Tuesday, November 26, 2013

Be Nice About Accepting Rejection

As someone who is nearing the phase where I’m going to start querying like mad, I’ve been madly reading articles about the industry and the process of getting an agent. 

bittttterrrrrnessssss, or not
One thing I’ve noticed beyond anything else is this: Bitterness.

If you Google “Embarrassing literary rejections,” you’ll find a wealth of articles explaining why so many agents and publishers should be crying about passing up on Harry Potter or Stephen King’s work. There are far too many blogs from unpublished authors that fire hatred and anger back over the rejections they’ve received (who is ever going to publish them now?). Heck, there are too many published authors that claim they’ve framed up their rejection letters just to mock those that passed on them.

I think its all hogwash.

Why feel the need to mock agents just because they didn’t want your work? Even if you’ve gotten a nasty review, why bother firing back? It’s silly and unprofessional.

Be nice when you’re rejected.

Friday, November 15, 2013

I don’t understand the appeal of FPP (first-person, present tense).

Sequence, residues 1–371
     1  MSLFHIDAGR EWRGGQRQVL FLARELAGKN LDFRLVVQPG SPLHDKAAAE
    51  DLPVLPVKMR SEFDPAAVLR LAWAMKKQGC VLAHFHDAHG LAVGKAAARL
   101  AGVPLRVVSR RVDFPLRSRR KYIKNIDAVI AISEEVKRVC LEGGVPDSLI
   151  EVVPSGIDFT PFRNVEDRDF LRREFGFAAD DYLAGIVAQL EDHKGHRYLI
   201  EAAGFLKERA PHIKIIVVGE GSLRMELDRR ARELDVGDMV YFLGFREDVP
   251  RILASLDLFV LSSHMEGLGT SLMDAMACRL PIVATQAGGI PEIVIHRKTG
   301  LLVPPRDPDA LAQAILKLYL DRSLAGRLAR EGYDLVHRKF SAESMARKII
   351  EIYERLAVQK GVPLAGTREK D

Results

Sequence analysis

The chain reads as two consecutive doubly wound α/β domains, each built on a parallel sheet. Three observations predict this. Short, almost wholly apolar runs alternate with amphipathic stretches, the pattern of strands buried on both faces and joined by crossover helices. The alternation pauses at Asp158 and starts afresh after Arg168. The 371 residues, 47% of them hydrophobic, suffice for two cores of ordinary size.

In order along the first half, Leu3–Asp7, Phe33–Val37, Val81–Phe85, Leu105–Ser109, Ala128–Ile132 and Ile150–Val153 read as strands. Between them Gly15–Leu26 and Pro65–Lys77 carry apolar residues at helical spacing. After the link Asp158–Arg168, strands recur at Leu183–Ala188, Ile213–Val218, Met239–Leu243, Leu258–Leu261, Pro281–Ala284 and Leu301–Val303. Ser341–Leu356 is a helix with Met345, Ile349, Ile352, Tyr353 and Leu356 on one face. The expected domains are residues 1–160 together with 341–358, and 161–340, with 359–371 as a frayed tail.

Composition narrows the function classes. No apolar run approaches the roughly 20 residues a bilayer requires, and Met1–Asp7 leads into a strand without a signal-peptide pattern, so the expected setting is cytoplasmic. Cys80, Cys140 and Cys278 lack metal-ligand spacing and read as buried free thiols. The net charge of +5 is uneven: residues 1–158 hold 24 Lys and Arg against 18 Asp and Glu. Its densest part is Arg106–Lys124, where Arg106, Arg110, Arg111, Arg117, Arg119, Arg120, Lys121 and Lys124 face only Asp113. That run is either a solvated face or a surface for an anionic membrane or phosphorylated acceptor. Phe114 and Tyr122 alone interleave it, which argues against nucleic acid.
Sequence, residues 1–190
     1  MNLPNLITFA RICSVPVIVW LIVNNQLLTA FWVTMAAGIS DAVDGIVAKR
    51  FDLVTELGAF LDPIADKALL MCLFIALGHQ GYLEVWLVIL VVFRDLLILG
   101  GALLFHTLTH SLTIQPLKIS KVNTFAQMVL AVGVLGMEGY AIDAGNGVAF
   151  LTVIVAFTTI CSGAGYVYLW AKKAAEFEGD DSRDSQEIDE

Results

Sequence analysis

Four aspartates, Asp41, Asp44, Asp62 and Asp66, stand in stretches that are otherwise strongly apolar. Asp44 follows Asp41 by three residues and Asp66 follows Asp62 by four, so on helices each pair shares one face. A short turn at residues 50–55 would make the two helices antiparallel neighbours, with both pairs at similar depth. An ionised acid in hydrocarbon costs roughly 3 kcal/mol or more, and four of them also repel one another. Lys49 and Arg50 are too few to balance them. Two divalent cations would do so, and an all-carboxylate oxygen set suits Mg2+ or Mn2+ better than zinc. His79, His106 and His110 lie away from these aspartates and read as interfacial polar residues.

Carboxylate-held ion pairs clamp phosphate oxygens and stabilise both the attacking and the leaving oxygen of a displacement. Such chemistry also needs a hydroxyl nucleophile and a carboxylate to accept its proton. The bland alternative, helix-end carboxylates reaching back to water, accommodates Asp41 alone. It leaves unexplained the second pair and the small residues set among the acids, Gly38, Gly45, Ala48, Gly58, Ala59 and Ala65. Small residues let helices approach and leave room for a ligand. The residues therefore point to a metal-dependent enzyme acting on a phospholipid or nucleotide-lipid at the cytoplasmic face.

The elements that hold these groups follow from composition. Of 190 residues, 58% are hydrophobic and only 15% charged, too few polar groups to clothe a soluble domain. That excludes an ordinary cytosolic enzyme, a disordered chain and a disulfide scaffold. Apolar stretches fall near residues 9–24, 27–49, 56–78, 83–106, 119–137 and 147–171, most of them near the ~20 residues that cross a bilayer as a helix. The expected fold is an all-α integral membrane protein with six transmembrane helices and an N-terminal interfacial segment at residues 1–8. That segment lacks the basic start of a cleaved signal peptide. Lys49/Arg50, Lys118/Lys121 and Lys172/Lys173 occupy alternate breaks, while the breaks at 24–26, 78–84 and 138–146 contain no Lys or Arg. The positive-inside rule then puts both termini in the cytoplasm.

I’ve just started reading a new book, and it uses this FPP style that is apparently a trending fad in teen fiction novel writing. I have to say this: it’s hard to read this way. I don’t know who or why anyone would enjoy this perspective.

It’s my understanding that books for children today have to be snappy and action-packed. We live in a world where YouTube is too long to watch; we need 7 (or less) second long Vines. Calling on the phone takes too long; we simply text. You can hardly find a website or blog that doesn’t use the “Top 10” formatting, highlighting bullet points over the actual meat of the article, to allow for ease of skimming for points rather than proofs.

This is our society today. We have no attention spans. I get that.

So, perhaps it’s arguable that first-person present is a culmination of that. Cut out the past-clinging words. Everything happens RIGHT NOW! Chapters are short. Action is heavy. Dialogue is simple (or non-existent).  

But reading that way is awful, friends. Simply awful.

In some ways, perhaps I feel this way because of it’s not what I’m used to. I mean, you’re looking at a guy who does a bi-yearly read of the Lord of the Rings. I love fiction that allows for pauses, description, and dialogue that carries a depth of interesting logic.

Wednesday, November 13, 2013

Dime a Dozen, a poem and song by Harrison Aye

We're all just like candles,
We sit on the tables,
We light up,
We burn down,
We die.
We're all paranoid, yes,
We're all just pretending,
We're all just a grain in the rye.
We all need to rise up again, to seek what
We all need to keep in our minds. Forever
We learn or forever doth bring.
We're all for each other or no one at all.
We're dime a dozen.